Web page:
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Organic Chemistry. Chapter 8. Substitution and Elimination. If an sp 3 C is bonded to electronegative atom Substitution reactions and Elimination reactions are possible. This chapter is all about substitution. example. S N 2 and S N 1 Reactions.

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Substitution and elimination l.jpg
Substitution and Elimination

  • If an sp3 C is bonded to electronegative atom Substitution reactions and Elimination reactions are possible

This chapter is all about substitution


S n 2 and s n 1 reactions l.jpg

example

SN2 and SN1 Reactions

SN2 - Reaction – bonds break and form at the same time

SN2

  • SN1 - CX bond breaks, forming a C+ then reacts with a nucleophile

SN1


Nucleophilic substitution reactions l.jpg
Nucleophilic Substitution Reactions

Either mechanism depends on the:

  • structure of the alkyl halide

  • reactivity of the nucleophile

  • concentration of the nucleophile

  • The solvent in which the Rx is carried out

  • The leaving group


S n 2 mechanism l.jpg
SN2 Mechanism

  • It’s a Substitution Reaction (S)

  • It’s Nucleophilic (N)

  • It’s rate is second order (2)

    • Called bimolecular (rate is dependent on 2 reactants)

      • (Substitution Nucleophilic Bimolecular)

Rate = k [RX] [Nu:]

(Because rate is dependent of BOTH RX and Nu: it is 2nd. order.)


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SN2 Mechanism

  • SN2Mechanism involves a “backside attack”


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SN2 Mechanism

The “backside attack” causes an Inversion of Configuration

Careful now….. Doesn’t mean R becomes S – new atoms are involved


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Steric Hindrance

  • Groups that block the path from the nucleophile to the electrophilic atom produce steric hindrance

  • This results in a rate differences or no reaction at all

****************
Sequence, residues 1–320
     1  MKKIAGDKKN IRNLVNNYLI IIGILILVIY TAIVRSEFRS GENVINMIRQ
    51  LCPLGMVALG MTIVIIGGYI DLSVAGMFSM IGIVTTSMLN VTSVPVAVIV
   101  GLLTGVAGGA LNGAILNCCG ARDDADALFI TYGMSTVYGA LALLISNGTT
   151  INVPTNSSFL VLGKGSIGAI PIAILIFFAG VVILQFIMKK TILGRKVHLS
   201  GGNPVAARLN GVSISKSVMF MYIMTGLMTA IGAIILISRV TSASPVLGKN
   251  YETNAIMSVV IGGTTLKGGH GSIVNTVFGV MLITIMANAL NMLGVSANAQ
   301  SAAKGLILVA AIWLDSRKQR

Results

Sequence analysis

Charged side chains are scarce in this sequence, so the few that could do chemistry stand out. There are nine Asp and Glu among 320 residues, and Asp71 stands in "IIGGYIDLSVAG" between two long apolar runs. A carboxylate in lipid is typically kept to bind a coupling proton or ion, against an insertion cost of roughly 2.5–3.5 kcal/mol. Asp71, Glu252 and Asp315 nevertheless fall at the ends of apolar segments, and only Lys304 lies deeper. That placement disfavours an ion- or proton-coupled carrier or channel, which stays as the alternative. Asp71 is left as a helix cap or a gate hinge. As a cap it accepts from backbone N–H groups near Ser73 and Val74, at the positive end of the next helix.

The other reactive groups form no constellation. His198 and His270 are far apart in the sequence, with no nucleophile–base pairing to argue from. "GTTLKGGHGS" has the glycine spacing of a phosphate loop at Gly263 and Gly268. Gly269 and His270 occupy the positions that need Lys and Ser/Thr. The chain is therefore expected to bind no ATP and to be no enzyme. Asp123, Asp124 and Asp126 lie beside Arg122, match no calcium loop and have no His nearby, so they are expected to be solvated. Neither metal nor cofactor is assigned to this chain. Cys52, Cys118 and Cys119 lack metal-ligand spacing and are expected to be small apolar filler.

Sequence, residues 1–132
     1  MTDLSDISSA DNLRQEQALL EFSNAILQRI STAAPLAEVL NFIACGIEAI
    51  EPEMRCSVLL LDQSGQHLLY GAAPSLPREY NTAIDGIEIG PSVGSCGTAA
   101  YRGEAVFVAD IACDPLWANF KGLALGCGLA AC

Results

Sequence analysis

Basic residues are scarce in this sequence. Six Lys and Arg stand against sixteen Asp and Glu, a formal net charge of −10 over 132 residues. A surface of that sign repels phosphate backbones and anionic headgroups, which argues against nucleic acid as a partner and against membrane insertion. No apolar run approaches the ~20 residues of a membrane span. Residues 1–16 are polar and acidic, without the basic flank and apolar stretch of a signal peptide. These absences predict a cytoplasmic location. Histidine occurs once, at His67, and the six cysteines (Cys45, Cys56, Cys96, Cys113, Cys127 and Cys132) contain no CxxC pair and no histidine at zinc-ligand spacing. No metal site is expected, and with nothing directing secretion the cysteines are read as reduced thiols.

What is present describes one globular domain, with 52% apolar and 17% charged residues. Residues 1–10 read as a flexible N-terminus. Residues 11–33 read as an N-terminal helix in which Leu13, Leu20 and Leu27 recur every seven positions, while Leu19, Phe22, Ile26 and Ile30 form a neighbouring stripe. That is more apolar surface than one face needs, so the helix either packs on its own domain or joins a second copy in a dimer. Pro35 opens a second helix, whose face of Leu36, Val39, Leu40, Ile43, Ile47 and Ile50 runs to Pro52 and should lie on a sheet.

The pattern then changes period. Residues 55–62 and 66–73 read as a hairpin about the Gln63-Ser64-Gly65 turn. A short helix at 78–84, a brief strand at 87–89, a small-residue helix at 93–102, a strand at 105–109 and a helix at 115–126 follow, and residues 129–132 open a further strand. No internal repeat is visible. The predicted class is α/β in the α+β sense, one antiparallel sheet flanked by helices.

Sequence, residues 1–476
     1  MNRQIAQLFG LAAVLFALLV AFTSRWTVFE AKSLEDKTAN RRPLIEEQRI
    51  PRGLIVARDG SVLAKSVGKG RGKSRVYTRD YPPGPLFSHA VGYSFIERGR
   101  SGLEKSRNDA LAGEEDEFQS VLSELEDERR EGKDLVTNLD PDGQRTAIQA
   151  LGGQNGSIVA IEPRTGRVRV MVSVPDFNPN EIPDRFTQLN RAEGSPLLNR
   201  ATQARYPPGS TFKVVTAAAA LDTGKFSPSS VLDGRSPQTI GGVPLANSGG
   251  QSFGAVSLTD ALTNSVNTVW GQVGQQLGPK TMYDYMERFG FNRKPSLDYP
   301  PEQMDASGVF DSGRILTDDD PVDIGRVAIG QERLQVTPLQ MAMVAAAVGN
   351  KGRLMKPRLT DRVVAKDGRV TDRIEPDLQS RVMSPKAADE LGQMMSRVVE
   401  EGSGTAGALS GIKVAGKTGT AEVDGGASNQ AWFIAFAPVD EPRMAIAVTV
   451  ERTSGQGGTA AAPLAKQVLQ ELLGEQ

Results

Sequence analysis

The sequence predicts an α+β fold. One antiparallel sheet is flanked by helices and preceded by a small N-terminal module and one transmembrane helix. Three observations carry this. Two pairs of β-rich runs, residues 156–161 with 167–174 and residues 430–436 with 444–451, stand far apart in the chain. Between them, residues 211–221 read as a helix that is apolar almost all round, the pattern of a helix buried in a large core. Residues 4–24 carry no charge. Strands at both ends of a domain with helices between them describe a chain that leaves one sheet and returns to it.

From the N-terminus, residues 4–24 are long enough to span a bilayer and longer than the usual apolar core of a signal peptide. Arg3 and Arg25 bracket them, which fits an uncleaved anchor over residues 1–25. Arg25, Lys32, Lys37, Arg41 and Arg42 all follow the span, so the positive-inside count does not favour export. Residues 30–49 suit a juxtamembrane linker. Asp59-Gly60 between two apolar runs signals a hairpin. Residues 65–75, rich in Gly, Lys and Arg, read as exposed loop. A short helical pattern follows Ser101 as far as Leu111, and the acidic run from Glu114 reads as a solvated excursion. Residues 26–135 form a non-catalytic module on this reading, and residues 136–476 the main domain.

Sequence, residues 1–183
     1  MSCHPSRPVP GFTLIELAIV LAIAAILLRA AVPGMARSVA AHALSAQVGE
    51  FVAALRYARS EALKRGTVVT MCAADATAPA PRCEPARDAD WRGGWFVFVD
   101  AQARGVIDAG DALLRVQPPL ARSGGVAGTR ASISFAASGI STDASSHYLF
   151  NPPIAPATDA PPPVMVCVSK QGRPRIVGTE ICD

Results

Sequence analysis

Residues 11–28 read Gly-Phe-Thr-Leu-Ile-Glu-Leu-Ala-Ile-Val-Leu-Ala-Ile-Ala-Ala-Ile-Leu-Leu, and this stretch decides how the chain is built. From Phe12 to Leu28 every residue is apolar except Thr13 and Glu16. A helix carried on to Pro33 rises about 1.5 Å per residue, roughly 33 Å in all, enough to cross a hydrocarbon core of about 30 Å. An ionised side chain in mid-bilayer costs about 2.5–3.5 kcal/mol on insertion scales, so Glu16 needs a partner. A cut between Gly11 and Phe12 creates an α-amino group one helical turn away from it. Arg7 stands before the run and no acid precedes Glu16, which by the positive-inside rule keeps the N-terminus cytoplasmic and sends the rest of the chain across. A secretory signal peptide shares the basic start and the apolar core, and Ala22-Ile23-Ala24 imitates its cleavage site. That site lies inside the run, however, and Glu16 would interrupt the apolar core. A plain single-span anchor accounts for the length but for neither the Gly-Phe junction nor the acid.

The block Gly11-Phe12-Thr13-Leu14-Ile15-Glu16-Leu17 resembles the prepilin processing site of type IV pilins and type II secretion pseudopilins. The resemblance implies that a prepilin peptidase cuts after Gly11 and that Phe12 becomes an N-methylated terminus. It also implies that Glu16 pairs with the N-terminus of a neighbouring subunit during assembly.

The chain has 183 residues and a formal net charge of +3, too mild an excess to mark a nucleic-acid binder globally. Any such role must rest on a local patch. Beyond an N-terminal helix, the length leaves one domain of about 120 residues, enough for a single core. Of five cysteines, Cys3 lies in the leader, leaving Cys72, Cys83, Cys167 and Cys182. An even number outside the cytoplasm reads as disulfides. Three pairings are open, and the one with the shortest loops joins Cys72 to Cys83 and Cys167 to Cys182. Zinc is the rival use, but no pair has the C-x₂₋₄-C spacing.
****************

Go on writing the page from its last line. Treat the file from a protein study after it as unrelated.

methyl halide ethyl halide isopropyl halide t-butyl halide


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Steric Hindrance

  • Activation Energy is higher due to steric hindrance…..


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Substitution Reactions Depend on a Good Leaving Group

  • R-F alkyl fluorides

  • R-Cl alkyl chlorides

  • R-Br alkyl bromides

  • R-I alkyl iodides

  • Alkyl Halides make good “leaving groups”

    • They are easily displaced by another atom

    • They allow the Conversion of alkyl halides to other functional groups


S n 2 mechanism12 l.jpg
SN2 Mechanism

  • The Leaving Groups also affects rate

  • RI reacts fastest, RF slowest

    • Iodide is the best “leaving group”

    • Fluoride is the worst “leaving group”

(…reacting with the same alkyl halide under the same conditions)


Basicity l.jpg
Basicity

  • The weaker the basicity of a group, the better the leaving ability.

    (Lewis base = e- pair donor)

    • Leaving ability depends on basicity because a weak base does not SHARE its e- as well as a strong base.

    • Weak bases are not strongly bonded to a carbon

      (weak bases are GOOD leaving groups)


Nucleophiles strong weak good bad l.jpg
Nucleophiles – Strong/Weak Good/Bad

Stronger base Weaker base

Better nucleophile poorer nucleophile

OH- > H2O

CH3O- > CH3OH

-NH2 > NH3

CH3CH2NH- > CH3CH2NH2

(conjugate acids)


Nucleophiles l.jpg
Nucleophiles

  • The strength of nucleophile depends on reaction conditions.

  • In the GAS phase (not usually used),direct relationship between basicity and nucleophilicity


Solvent effects l.jpg
Solvent Effects

  • In a solution phase reaction, the solvent plays a large role in how the reaction will occur

  • Solvent effects can cause just the opposite of what might be the expected behavior of the nucleophile

  • Solvents are categorized as either protic or aprotic


Protic solvents l.jpg
Protic Solvents

Protic solvents has a H bonded to a N or O

  • It is a H bonder